"Earth to earth, ashes to ashes, dust to dust" - we say those words at every funeral, gathered around the coffin at its burial place. In days past, a mound of dirt would lie next to the open grave, waiting for the casket to be lowered into the ground when the grave-diggers would begin shoveling it back into the hole. During the committal the preacher could simply reach over, grab a handful of that soil and toss it on top of the coffin while saying the words "earth to earth, ashes to ashes..." Nowadays, however, the pile is moved out of sight and everyone leaves before the actual burying is done.
We had four funerals here at Shepherd King in February. On Sunday morning, four widows/widowers were in the congregation sitting with friends, sitting without their spouses. What a strange journey life is. When we're young our strength and energy seem boundless; the reality of death is remote, far-off. But in no time we are middle aged, losing family members and friends to death and suddenly life is tenuous; it ends abruptly. The phrase "ashes to ashes, dust to dust" becomes personal. Those who have died recently at Shepherd King were not just 'some old folks,' they were our friends, our former Sunday school teachers, people we've known and greeted for years.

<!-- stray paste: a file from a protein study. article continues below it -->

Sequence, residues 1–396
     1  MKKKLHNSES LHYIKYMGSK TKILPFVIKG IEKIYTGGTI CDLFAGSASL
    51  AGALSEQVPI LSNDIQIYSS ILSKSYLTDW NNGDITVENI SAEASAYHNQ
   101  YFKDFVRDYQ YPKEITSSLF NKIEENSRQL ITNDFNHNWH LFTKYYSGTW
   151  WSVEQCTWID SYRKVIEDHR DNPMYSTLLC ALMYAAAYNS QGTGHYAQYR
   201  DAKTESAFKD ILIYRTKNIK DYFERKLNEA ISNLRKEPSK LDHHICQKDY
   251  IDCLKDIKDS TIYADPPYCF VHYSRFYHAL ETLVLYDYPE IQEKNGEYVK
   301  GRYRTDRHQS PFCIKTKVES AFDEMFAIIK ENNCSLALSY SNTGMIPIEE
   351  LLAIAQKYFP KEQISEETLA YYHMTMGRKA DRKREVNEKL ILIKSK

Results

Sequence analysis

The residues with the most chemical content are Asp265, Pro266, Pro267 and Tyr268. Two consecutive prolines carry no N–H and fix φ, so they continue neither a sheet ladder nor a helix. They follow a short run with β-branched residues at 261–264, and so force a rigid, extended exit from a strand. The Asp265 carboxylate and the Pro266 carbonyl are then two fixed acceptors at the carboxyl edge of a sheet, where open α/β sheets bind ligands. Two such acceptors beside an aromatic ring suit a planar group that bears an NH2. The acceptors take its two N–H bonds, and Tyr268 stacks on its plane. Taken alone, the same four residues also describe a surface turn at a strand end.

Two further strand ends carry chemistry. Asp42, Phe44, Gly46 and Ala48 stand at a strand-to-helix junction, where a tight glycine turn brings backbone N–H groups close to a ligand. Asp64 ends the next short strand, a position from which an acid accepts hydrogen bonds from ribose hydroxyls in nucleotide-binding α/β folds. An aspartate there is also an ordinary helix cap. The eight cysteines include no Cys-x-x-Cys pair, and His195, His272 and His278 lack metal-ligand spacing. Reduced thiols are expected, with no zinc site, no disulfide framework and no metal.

This Wednesday is Ash Wednesday, the beginning of the season of Lent. We gather for worship - young, middle aged, old - and hear the words "remember that you are dust and to dust you shall return." As those words are spoken our foreheads are smeared with oily soot - a reminder that one day we will die. But the smudge is marked on us in the shape of a cross - a reminder of Jesus, crucified and risen. The ashes on our forehead are a dual sign of our mortality and our hope for everlasting life beyond the grave.
In a sense we at Shepherd King have already begun observing Ash Wednesday this year. These recent deaths have demonstrated that our time is limited. We have accompanied the dead to their burial place and heard the words "earth to earth, ashes to ashes, dust to dust..." We have also heard God's word of victory: death is swallowed up by Jesus' resurrected life. Already we have looked at both sides, the dying and the promised rising. As these somber days of Lent arrive, we are primed to place ourselves wholly in God's hands no matter what the future holds.
"Remember that you are dust and to dust you shall return." Lent is a time to contemplate that truth, to ponder Jesus' death and the life that he brings. It all begins this Wednesday when we receive our ashes, face our mortality, and turn our hearts to God. Remember your mortality, remember your baptism, and step into the season of Lent.